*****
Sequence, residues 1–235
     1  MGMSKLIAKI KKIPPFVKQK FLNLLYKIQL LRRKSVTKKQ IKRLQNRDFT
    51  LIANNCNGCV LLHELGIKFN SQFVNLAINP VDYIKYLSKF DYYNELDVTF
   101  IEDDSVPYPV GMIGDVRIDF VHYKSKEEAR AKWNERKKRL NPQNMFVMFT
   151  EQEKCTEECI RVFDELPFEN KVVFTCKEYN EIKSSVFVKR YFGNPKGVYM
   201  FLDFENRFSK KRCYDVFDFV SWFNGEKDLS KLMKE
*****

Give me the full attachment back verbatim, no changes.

Sequence, residues 1–235
     1  MGMSKLIAKI KKIPPFVKQK FLNLLYKIQL LRRKSVTKKQ IKRLQNRDFT
    51  LIANNCNGCV LLHELGIKFN SQFVNLAINP VDYIKYLSKF DYYNELDVTF
   101  IEDDSVPYPV GMIGDVRIDF VHYKSKEEAR AKWNERKKRL NPQNMFVMFT
   151  EQEKCTEECI RVFDELPFEN KVVFTCKEYN EIKSSVFVKR YFGNPKGVYM
   201  FLDFENRFSK KRCYDVFDFV SWFNGEKDLS KLMKE